Sequel to Reckless, also both romance and thriller. There are three best friends in the first novel, so naturally this one is the second of a trilogy. As far as I can tell, though, the third book hasn't been published. Perhaps the author has been busy with other things lately.
A translation from 1961, with the 1922 introduction by Bertrand Russell from the first English translation.
Wittgenstein wasn't a logical positivist, a member of the Vienna Circle, a logician, a philosopher of science, or a deconstructionist, but all of those groups, and more, learned from him. At least some of what he writes seems very right. One of the things I found useful is the emphasis on precise analysis of language, and the observation that some well known problems of philosophy are really non-problems because it's impossible to formulate them in a coherent way.
I'm glad I read Wittgenstein: A Very Short Introduction before reading this book, though. I was sometimes banging my head over parts of the book wondering exactly what Wittgenstein meant. What did he mean, for example, by an object? (der Gegenstand) Is this a coherent concept, and do objects, in the sense he meant, necessarily exist? It was helpful to know that nobody, including Wittgenstein later in life, thought that the views expressed in the Tractatus were correct, and that when something seemed like it didn't make sense then maybe it didn't. The outline structure, notation, and austere style make the book seem more precise than it really is.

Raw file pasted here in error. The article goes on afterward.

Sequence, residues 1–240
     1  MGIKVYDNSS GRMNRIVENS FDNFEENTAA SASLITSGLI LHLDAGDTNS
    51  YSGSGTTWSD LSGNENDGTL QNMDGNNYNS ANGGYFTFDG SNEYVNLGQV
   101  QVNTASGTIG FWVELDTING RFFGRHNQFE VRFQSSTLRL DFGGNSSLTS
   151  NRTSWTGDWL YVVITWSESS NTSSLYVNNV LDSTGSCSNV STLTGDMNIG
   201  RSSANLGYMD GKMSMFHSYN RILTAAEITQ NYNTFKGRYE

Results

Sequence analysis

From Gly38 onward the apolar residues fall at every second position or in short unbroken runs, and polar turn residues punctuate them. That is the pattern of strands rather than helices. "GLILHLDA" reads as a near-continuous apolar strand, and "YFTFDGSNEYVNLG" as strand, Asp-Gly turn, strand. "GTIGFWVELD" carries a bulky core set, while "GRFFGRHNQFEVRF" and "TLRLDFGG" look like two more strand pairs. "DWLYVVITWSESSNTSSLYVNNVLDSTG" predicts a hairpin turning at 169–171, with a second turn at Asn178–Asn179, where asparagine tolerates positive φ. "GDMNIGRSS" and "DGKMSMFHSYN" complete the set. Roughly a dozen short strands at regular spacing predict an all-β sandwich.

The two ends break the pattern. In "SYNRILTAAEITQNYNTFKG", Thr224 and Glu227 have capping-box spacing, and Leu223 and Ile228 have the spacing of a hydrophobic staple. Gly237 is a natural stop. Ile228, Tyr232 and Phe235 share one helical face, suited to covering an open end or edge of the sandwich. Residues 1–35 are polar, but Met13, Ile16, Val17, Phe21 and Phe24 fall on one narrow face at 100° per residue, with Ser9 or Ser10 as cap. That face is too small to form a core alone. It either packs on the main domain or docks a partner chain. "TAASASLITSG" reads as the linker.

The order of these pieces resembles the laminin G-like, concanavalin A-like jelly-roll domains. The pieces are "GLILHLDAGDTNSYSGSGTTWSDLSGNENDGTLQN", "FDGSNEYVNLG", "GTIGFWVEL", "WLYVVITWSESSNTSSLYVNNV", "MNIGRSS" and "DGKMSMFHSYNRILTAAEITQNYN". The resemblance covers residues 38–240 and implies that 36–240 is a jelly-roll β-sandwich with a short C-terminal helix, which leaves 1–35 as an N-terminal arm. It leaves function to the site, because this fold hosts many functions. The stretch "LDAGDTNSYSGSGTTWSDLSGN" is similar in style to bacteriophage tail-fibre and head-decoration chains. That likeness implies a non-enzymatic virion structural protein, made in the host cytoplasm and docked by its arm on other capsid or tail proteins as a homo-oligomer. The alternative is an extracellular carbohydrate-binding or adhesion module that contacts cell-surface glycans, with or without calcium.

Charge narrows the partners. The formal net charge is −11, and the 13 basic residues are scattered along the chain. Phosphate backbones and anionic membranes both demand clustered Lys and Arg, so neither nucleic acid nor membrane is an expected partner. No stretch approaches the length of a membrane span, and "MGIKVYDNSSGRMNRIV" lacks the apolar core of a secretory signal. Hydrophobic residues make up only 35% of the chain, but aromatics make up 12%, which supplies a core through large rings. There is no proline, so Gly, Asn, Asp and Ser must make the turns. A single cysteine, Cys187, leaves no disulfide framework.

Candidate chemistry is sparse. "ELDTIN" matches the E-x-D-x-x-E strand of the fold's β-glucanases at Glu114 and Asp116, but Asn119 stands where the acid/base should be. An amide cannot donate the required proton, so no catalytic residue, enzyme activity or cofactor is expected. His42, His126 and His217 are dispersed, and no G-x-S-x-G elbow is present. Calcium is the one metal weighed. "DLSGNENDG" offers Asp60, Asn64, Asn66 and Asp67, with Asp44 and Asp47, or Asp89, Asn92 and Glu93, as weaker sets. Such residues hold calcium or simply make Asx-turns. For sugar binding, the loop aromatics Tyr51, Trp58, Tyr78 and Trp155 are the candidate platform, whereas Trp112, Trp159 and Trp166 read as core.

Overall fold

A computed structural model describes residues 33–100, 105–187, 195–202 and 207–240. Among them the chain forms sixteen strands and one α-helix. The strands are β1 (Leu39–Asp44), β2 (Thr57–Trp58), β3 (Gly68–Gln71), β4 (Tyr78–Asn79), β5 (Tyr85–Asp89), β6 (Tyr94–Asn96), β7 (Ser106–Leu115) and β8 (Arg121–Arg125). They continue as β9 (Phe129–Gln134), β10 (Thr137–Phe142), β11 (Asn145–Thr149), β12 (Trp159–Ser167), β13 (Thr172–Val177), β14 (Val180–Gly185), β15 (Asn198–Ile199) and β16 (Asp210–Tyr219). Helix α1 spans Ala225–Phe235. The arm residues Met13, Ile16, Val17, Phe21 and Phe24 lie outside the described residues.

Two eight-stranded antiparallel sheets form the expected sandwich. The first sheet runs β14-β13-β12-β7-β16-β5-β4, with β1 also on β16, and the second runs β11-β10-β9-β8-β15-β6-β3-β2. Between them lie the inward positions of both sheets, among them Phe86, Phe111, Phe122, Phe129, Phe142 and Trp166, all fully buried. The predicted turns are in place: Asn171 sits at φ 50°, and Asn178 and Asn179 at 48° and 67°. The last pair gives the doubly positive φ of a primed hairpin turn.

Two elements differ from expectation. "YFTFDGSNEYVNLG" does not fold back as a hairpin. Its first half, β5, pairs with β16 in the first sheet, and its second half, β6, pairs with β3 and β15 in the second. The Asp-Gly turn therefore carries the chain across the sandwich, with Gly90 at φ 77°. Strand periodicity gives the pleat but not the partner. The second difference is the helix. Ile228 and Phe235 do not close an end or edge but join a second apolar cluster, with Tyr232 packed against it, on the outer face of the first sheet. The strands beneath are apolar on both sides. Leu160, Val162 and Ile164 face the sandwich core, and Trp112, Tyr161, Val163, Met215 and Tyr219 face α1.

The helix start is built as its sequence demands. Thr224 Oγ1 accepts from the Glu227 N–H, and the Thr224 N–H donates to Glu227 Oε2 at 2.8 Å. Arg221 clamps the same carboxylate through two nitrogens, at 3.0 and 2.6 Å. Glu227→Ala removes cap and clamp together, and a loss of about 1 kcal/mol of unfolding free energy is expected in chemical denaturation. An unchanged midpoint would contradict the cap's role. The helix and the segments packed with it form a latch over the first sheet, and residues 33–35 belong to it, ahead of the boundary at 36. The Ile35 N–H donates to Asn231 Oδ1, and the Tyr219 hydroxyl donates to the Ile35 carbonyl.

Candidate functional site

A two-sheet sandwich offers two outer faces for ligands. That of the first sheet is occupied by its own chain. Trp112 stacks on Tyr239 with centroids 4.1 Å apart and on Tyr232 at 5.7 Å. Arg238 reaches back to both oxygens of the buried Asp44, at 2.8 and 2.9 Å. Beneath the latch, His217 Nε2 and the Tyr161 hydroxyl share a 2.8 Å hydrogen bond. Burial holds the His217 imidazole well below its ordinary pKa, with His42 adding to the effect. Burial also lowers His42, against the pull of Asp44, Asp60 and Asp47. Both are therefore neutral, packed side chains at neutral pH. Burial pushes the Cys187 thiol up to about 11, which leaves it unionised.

Wovon man nicht sprechen kann, darüber muß man schweigen.
The author is better known, at least in my circles, under her real name: Stacey Abrams. Selena Montgomery is the pen name she uses as a romance novelist, when she isn't busy serving as an elected official or saving democracy.
Reckless is a romance novel and also a mystery/thriller: what initially keeps the couple from coming together is arson and murder. I found the writing a little clunky, alas, but I'll want to read the sequel; it ends on a cliff-hanger.
A fantasy novel inspired in part by fairy tales, most obviously Rumpelstiltskin. As the main character says on the first page of the book, the real story isn't so pretty. As a Jewish moneylender herself, she notices that the story is really about getting out of paying your debts.
The country the tsar and his boyars rule isn't called Russia or Muscovy, and none of the villages or cities in it appear on our maps, but it's recognizable enough that we've got a pretty good idea of what it means to be a Jewish moneylender in this world. Jews and Christians alike, meanwhile, fear the unearthly Staryk (old ones, perhaps? from старый?), who take what they like from mortals in the sunlit lands and are bound only by their own incomprehensible notions of obligation, which aren't ours.
There are several narrators, several young women who are forced to take on serious responsibilities and make very difficult choices, several unwilling marriages. There's also more than one case of learning that even monsters have reasons for what they do, not necessarily the ones one might expect.